Delegates from 196 countries — Parties to the United Nations Convention on Biological Diversity (CBD) — are meeting in Montreal, Canada from December 7-21 with the aim to hammer out a new global agreement on halting environmental loss.

 

Details

  • Many of the 24 conservation targets under discussion at the 15th Conference of the Parties (COP15) aim to avoid past mistakes and improve on the world’s last set of conservation goals — the Aichi Biodiversity Targets that expired in 2020.
  • No single country met all 20 Aichi Targets within its own borders, according to a September 2020 UN assessment.

 

The Aichi Targets

  • The Convention on Biological Diversity (CBD) adopted the Aichi Biodiversity Targets at the Nagoya conference in 2010.
  • The Aichi Biodiversity Targets laid out a 10-year plan (Strategic Plan for Biodiversity 2011-2020), which had 20 global biodiversity targets, divided under five goals, with a deadline of 2020.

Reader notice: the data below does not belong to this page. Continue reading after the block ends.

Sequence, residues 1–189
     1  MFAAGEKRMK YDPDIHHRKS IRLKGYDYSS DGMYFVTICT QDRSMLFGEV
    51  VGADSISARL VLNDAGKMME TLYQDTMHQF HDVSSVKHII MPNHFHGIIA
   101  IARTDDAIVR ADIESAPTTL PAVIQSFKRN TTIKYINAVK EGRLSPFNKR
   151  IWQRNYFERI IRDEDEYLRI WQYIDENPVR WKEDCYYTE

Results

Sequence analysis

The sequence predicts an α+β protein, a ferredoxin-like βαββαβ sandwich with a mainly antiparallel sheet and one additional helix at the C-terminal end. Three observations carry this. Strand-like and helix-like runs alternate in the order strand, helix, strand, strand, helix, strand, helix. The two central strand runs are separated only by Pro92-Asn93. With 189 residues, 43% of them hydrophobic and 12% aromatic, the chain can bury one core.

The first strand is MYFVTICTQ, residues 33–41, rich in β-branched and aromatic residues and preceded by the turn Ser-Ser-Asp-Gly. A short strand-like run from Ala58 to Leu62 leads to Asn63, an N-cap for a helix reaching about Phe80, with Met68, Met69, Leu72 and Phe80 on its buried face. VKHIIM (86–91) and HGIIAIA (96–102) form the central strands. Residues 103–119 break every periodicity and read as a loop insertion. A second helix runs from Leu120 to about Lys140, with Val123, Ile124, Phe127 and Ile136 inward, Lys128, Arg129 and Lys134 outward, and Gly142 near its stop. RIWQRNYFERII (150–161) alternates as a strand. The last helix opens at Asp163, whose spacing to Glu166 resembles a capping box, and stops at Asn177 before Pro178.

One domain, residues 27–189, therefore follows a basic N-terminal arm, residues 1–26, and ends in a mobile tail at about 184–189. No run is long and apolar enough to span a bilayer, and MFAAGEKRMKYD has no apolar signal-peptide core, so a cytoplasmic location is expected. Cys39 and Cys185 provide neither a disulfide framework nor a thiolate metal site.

• Strategic Goal A — Address the underlying causes of biodiversity loss by mainstreaming biodiversity across government and society.
    • Strategic Goal B — Reduce the direct pressures on biodiversity and promote sustainable use.
    • Strategic Goal C — Improve the status of biodiversity by safeguarding ecosystems, species and genetic diversity.
    • Strategic Goal D — Enhance the benefits to all from biodiversity and ecosystem services.
    • Strategic Goal E — Enhance implementation through participatory planning, knowledge management and capacity building
  • It included goals such as reducing deforestation by at least half during the coming decade and curbing pollution so that it no longer harmed ecosystems.
  • Many of the targets, however, included vague language and did not hold countries to a specific action.
  • After parties adopted the Aichi Targets, they were expected to devise their own national biodiversity strategies that would mimic the goals laid out by Aichi.
  • Nearly all parties created these strategies, but most were never fully implemented.